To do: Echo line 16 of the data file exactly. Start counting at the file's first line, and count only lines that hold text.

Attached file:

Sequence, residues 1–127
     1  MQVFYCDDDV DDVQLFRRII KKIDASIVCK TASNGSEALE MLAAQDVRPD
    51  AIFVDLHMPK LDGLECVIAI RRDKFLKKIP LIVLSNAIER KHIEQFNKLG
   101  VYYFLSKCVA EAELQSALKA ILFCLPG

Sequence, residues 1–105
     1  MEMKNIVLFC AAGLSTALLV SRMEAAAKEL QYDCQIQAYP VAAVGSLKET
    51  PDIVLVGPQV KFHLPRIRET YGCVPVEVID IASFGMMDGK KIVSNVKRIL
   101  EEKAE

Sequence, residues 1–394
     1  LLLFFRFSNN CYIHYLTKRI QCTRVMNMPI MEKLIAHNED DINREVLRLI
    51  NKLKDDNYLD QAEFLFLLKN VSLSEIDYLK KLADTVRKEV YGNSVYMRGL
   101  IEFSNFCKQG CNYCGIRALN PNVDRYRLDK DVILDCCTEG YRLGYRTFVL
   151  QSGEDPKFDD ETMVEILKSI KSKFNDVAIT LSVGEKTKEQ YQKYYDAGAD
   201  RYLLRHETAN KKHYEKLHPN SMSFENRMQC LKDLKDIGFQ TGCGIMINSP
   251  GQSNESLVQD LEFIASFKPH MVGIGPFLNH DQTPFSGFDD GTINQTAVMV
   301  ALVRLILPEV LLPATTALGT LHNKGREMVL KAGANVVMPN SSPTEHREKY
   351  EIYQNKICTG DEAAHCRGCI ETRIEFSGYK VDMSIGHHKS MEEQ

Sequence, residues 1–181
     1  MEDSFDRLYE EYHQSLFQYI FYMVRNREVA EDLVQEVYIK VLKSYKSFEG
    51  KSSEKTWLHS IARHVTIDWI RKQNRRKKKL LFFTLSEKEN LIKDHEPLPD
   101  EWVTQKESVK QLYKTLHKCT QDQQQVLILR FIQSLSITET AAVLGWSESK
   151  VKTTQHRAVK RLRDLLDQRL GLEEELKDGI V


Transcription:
   301  ALVRLILPEV LLPATTALGT LHNKGREMVL KAGANVVMPN SSPTEHREKY